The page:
In Taiwan, Makers of Scrolls Share Their Secrets
TAIPEI, Taiwan—It was a regular night for Chen and his father, together in their fourth story studio. As the martial arts drama serial played on a TV in the corner, they set about their work under lamplight, now into their second decade of an ancient Chinese practice that is as unexplored as it is ubiquitous: scroll making.
The bulk of the Chens’ employment comes from calligraphers and painters of Chinese calligraphy, who require scrolls. Most scrolls are straight up and down, a loop at each end for the wood to slip into, and some ribbon for hanging; there are other scrolls which are more advanced—like those that open sideways and have treasure maps on them, as seen in martial arts movies—but the mainstay are fairly simple. The Chens can also do Western-style frames, and dozens of other variations.
Chen the elder got into the business when he was still in his teens. Back then, framers were all on the street level, their studios visible from the road. Young Chen would simply stand out the front of their shops and observe. As time went by, he started to do his own work. Between then and now 60 years have passed, and at some point during that time Chen himself became a scroll-making master.
A Timeless Process
The basic process of making scrolls hasn’t changed for thousands of years: The artwork is flattened with a kind of mixture, smoothed out, given a backing, left to dry, and the silk scroll attached.
First the work is laid flat on the table and sprayed with water, then hit with a layer of Chinese glue—the Eastern version of flour and water (they use rice and water). This step is a little tricky, because when applying the glue, the work has to be completely flush against the table. No air pockets are allowed. This requires using one hand to gently pull the work taut on its dry end, while spreading the lathered brush from the inside out, over both sides, until the whole work is flat on the table.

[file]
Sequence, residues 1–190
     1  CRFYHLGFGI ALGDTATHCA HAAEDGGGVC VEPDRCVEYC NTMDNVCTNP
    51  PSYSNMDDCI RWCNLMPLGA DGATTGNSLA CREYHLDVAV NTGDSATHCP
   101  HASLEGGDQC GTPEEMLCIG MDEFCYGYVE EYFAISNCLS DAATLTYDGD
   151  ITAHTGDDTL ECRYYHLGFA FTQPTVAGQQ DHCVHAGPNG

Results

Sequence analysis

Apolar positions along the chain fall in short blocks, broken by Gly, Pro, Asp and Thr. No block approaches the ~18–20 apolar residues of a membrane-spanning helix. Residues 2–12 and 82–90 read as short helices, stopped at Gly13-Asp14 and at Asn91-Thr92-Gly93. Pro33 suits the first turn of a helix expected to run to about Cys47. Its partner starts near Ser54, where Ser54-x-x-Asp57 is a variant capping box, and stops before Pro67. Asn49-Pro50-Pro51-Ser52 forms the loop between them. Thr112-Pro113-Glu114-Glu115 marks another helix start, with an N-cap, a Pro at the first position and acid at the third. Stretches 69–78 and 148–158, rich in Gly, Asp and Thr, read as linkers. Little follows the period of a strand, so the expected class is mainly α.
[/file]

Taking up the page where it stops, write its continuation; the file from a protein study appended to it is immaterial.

Depending on the kind of paper they deal with, the Chens also have to take different approaches. Thinner paper is much easier to tear, and needs to be given a harder backing, or even several layers of backing.
The backing is usually thicker than the original paper. It gets laid directly over the original when it is sticky with glue, but is somewhat larger in length and width. This few-inch margin is crucial—and it also needs to get pasted with a layer of glue.
Once the edges of the larger backing piece are sticky, the pair is lifted and stuck directly onto one of the vertical boards. It can stick to the board because of the magic margin of overlapping backing paper that was glued. There it is left to dry for a few hours.
After drying, the piece is cut from the board with another fruit knife, this one deliberately blunted to look like a spatula. What is being cut here is the backing piece. At this point, if the glue had stuck the backing piece to the work, the spatula-knife would rip through them both.
The final step after cutting the piece from the drying board is to attach the silken scroll. The work gets laid flat on the bench, the now-jagged edges cut clean with another time-worn custom-made blade, and then thin, patterned strips applied along each side.
These can only be seen when looking carefully, mostly they are a whitish color, the same as that of the paper. Only half of their one-centimeter length is applied to the work with a special glue, the other half is for joining the scroll material to the work. This material is a half paper, half hard silk, and comes in hundreds of patterns. The top and bottom are looped, and the wooden rods inserted in either end.
A Family Business
The Chens’ high-tide was sometime during the 80s and 90s, when a flood of Japanese business came into Taiwan. Materials and manpower were cheaper in Taiwan, so the Japanese would organize to contract businesses like the Chens’, and get the finished products shipped back. The Japanese always ordered the choicest materials, Chen Jr. explained, showing some example gold plated edge-rings, and noting that some customers would also order jade, or even diamond ones.
The Chens are proud of their business, and conduct. Their prices are quite reasonable too.
Once, a Canadian man who had previously been overcharged asked them to do some work. When it came to paying, he pulled out the same amount of money he’d paid previously—at least four times the actual price—thinking that was the standard. The Chen’s didn’t accept it though, and stuck with their regular prices. They also have a strong understanding of the importance of what they’re doing.
“You’ve got to do something with the pieces, right?” Chen Jr. said. “If you don’t have a nice frame or scroll, you can’t just put paper up on the wall, just like that.”
The Chens’ framings are all over the world—across Asia, in a handful of European countries, and there is even one, they said, in the White House.